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Indicator Insight Publications

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    Indicator Insight Volume: 5 Issue: 2
    Author(s):
    Tom Rex
    Published: Thursday, March 12, 2015

    In the years following World War II, high-technology activities became a disproportionately large part of the Arizona economy, focused on the manufacturing of electronics and aerospace products. These high-tech activities were primary drivers of the Arizona economy from the 1950s into the 1980s, joined along the way by the manufacturing of instruments.

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    Indicator Insight Volume: 4 Issue: 5
    Author(s):
    Tom Rex
    Published: Wednesday, July 16, 2014

    Arizona’s total value of international exports as a share of gross product was 33rd highest among the 50 states and District of Columbia in 2012. Arizona ranked 36th for manufactured goods. In 1997, Arizona had ranked eighth overall and ninth for manufactured goods. The state’s large relative decline in export share can be traced to its sizable relative decrease in its manufacturing sector. In particular, the electronics manufacturing subsector’s share of total GDP has dropped considerably.

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    Indicator Insight Volume: 4 Issue: 4
    Author(s):
    Tom Rex
    Published: Wednesday, May 7, 2014

    For decades, Arizona was one of the national leaders in aggregate economic growth, as measured by the percent change in measures such as gross product and employment. However, its growth rate always has been highly cyclical. During expansionary periods, Arizona always has been among the top states on the rate of growth. During recessions, the Arizona economy generally slumped at a rate similar to the national average, but would experience a rapid recovery. This pattern continued through the economic expansion of the mid-2000s.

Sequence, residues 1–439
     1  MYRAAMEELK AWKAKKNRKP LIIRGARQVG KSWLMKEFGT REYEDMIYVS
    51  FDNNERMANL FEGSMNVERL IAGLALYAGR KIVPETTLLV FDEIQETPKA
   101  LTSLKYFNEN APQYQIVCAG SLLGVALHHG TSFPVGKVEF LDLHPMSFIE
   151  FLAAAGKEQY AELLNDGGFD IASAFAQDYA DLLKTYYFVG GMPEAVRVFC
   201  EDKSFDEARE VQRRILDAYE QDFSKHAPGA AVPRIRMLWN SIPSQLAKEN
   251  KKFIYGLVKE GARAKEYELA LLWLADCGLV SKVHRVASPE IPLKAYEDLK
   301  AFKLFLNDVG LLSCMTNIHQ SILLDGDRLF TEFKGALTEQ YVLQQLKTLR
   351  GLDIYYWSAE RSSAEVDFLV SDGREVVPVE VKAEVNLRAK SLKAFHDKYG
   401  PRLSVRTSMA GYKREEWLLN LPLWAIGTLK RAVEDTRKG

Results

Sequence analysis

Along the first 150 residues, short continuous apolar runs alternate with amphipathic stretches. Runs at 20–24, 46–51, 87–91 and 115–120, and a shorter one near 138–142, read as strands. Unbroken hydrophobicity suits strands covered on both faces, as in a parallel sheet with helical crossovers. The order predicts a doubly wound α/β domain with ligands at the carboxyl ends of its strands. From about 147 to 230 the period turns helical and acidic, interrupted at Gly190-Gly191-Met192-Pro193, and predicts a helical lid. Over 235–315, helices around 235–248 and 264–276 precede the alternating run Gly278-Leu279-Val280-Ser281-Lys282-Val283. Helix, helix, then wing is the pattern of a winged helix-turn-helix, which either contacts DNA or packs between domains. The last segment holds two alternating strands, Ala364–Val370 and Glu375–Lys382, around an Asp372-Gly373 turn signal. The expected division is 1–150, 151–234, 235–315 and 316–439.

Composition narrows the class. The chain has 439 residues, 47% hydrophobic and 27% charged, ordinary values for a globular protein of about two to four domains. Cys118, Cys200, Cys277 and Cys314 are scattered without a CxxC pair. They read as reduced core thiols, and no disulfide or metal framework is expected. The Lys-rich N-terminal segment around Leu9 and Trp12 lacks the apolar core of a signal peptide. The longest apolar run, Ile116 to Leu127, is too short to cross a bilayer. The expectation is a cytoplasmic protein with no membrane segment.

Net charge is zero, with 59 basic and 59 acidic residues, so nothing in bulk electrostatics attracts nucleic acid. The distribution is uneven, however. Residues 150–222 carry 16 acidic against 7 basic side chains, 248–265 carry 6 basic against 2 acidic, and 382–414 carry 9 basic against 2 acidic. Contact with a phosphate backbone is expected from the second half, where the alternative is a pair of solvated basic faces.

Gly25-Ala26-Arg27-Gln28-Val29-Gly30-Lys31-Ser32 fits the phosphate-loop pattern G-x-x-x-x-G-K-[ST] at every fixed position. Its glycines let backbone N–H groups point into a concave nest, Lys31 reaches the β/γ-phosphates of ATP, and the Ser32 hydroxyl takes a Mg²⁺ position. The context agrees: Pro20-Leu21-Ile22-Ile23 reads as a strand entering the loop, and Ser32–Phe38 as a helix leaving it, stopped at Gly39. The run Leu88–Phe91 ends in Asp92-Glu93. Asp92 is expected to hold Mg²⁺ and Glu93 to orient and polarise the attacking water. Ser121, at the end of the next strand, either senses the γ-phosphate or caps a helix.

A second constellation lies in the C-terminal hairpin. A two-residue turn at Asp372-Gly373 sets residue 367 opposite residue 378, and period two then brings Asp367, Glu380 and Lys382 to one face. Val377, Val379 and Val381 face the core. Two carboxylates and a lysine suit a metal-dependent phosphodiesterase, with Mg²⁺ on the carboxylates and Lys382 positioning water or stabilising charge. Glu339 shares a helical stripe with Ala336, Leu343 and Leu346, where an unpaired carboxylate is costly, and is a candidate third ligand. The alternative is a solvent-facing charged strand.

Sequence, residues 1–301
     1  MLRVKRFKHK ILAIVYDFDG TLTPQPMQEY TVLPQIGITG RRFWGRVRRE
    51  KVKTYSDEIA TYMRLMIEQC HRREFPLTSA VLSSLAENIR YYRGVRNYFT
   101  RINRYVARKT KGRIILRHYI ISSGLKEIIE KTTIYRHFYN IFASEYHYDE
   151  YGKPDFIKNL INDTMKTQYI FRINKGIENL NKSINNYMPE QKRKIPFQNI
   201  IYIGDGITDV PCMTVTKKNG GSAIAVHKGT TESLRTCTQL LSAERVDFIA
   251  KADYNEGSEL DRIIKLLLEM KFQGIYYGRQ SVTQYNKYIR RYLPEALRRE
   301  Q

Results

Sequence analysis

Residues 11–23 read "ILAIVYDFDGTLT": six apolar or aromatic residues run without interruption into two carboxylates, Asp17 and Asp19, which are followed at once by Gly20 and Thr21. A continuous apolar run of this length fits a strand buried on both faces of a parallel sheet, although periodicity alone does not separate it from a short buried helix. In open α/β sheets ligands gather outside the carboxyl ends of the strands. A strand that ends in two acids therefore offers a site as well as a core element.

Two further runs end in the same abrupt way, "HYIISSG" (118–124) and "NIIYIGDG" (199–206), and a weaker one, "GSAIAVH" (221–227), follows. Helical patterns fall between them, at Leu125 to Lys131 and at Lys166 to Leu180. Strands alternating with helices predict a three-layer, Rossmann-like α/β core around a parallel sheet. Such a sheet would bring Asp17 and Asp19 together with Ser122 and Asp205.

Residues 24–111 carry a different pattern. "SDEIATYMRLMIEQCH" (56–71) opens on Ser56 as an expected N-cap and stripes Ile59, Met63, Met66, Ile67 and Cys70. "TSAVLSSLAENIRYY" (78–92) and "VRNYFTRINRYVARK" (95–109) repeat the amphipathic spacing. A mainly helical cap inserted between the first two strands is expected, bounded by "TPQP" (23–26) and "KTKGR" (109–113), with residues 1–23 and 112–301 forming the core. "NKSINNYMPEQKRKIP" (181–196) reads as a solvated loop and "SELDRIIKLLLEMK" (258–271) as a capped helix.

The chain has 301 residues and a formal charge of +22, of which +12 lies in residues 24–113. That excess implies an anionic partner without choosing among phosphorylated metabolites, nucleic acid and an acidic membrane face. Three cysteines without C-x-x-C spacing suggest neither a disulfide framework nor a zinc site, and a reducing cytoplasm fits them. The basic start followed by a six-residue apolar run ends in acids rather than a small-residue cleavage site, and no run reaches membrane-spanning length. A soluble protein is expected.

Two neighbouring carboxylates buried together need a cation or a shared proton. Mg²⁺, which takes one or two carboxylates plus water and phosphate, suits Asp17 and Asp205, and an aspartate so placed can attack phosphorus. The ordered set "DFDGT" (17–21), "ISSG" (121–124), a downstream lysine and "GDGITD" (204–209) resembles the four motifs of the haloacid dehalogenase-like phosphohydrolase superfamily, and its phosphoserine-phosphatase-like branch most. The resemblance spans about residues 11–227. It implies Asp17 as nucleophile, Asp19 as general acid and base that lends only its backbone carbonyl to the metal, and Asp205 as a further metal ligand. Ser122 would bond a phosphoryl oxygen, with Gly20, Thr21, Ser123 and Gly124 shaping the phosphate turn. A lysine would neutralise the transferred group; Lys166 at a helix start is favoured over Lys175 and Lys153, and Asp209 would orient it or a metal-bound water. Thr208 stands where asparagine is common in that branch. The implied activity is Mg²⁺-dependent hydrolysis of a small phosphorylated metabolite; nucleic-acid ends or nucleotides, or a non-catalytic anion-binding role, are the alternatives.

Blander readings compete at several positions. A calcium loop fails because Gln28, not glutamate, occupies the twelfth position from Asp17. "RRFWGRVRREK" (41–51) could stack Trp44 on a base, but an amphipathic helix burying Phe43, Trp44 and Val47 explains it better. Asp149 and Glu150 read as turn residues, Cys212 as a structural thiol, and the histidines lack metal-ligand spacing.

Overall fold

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    Indicator Insight Volume: 4 Issue: 3
    Author(s):
    Tom Rex
    Published: Thursday, August 15, 2013

    Per capita earnings in Arizona has been lower than the national average for decades. The 2011 differential of 19 percent is the largest on record; the typical differential has been between 10 and 15 percent. Thus, for residents who have spent some or all of their working life in the state, the state’s historically low per capita earnings help to explain the state’s below-average per capita property income.

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    Indicator Insight Volume: 4 Issue: 2
    Author(s):
    Tom Rex
    Published: Wednesday, May 1, 2013

    The transaction privilege tax (TPT), often referred to as the sales tax, is a major source of revenue for state and local governments in Arizona. The TPT is applied to numerous categories, such as contracting and utilities. The analysis in this paper is limited to the retail category, which accounts for half of the TPT collected by state government, and the restaurant and bar category, which contributes one-tenth of the TPT revenue.